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Archive for January, 2011

Sargent Shriver and his Peace Corps guerrillas

I am convinced that if, in the future, our country is to meet the unparalleled opportunity to win friends and advance the cause of peace and freedom, thousands of additional Americans will have to step forward and say, “I will serve.”
—from the statement of Robert Sargent  Shriver, given in Chicago, IL, on May 17, 1961

Sargent Shriver and President Kennedy greet Peace Corps Volunteers to Ghana and Tanganyika in the West Wing Collonade at the White House, August 28, 1961.

Sargent Shriver and President Kennedy greet Peace Corps volunteers to Ghana and Tanganyika in the West Wing Collonade at the White House, August 28, 1961. (Kennedy Library; ARC 194174)

Robert Sargent Shriver (1915–2011) lived a long and full life, fighting in World War II as a gunner on a Navy boat during the the Battle of Guadalcanal, serving as the ambassador to France in the late 1960s, and joining the extensive Kennedy clan when he married Eunice Kennedy in 1953. He also ran as the vice-presidential candidate with George McGovern against Richard Nixon and Spiro Agnew in 1972.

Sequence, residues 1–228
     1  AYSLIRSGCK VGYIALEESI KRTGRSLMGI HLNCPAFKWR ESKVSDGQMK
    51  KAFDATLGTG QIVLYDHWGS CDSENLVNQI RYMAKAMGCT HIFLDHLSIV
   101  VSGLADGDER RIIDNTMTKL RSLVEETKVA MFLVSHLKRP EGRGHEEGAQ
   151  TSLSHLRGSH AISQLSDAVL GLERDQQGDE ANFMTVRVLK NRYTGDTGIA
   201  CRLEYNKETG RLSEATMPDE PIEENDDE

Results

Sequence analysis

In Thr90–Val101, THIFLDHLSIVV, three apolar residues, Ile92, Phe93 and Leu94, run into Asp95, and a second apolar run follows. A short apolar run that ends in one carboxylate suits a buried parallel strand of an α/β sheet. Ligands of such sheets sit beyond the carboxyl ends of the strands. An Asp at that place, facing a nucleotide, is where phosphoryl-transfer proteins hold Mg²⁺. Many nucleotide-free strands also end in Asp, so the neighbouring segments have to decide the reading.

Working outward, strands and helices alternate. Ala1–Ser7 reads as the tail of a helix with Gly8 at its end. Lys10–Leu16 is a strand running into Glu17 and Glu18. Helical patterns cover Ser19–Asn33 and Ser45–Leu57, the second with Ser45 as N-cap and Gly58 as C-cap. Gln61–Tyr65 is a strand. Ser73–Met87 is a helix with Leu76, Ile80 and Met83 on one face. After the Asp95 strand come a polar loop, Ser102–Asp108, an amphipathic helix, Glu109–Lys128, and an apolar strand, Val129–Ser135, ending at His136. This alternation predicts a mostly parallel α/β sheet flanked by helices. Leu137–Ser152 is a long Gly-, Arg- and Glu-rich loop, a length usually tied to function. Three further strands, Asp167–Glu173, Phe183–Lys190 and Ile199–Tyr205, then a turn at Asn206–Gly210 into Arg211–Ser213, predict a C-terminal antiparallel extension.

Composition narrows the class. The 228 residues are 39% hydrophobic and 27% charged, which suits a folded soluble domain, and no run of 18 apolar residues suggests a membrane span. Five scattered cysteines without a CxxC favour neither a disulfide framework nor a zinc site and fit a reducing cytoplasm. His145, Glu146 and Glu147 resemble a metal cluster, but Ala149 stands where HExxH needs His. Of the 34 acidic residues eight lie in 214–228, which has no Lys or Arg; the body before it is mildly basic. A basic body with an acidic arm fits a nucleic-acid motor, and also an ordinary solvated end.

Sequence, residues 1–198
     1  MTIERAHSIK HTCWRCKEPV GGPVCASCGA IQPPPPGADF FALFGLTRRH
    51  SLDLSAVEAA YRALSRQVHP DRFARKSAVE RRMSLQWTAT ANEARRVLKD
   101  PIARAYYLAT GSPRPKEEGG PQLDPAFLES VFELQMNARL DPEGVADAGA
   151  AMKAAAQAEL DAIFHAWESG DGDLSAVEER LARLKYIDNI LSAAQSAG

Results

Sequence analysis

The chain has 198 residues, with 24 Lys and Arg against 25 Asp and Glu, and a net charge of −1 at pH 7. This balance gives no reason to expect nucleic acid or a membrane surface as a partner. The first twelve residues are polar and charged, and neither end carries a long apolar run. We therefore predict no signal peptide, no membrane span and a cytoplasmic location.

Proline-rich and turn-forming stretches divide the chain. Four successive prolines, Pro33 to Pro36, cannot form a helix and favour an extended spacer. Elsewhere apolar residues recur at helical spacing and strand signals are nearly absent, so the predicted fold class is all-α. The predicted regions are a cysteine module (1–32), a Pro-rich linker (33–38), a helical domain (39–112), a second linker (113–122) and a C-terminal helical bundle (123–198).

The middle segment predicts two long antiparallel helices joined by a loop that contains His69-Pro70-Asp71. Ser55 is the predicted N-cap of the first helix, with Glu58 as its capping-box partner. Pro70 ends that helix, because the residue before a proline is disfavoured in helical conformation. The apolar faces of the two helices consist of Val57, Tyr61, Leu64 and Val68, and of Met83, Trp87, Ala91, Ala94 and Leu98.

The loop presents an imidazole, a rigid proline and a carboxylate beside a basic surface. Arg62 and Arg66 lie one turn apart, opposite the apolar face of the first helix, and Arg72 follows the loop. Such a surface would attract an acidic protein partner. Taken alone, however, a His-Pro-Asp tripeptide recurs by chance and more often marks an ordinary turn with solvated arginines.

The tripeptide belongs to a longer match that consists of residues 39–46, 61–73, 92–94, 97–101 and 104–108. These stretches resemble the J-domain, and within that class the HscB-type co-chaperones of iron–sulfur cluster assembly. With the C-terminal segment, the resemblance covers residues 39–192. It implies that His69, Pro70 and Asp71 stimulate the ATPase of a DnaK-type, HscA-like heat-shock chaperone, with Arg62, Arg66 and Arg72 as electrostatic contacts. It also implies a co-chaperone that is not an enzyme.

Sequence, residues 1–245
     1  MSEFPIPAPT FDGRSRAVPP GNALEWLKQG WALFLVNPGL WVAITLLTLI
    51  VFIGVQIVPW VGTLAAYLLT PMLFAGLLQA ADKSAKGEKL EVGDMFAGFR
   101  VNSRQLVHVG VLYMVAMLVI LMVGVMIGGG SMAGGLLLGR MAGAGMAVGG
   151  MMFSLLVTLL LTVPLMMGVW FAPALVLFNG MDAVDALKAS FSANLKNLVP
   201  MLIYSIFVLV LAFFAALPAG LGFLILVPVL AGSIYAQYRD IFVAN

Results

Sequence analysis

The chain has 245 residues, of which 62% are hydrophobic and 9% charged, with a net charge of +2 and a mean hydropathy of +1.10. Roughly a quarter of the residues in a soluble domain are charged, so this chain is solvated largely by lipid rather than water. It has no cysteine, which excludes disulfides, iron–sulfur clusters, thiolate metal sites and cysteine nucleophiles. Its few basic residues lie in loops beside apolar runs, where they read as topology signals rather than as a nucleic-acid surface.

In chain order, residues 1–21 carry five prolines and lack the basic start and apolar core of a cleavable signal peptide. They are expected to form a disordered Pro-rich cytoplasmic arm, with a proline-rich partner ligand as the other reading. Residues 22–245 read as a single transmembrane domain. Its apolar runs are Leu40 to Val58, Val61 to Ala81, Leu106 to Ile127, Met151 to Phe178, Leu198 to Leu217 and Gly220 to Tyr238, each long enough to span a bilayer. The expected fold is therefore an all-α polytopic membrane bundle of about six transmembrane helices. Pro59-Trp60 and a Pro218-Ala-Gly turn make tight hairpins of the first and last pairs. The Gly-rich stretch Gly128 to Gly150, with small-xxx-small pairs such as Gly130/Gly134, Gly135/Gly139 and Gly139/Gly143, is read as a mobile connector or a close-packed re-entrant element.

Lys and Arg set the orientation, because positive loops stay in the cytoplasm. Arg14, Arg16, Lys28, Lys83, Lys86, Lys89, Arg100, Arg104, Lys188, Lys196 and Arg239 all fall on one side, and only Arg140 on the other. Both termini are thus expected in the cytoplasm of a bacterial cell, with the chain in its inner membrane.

But in the National Archives, Sargent Shriver’s legacy is the Peace Corps. Shriver served as the first Director of the Peace Corps from 1961 to 1966. A search in the OPA database yields numerous Peace Corps documents, including the statement below, describing Shriver’s trip to eight countries to speak with heads of state and the men and women on the street about the possibility of Peace Corps volunteers coming to live and work there.

Sargent Shriver … [ Read all ]

January 18, 1964 – Martin Luther King, Jr. & LBJ

Martin Luther King, Jr. (3rd from left), with Roy Wilkins, James Foarmer, adn Whitney Young, met with President Lyndon Johnson in the Oval Office in January 1964. (LBJ Library)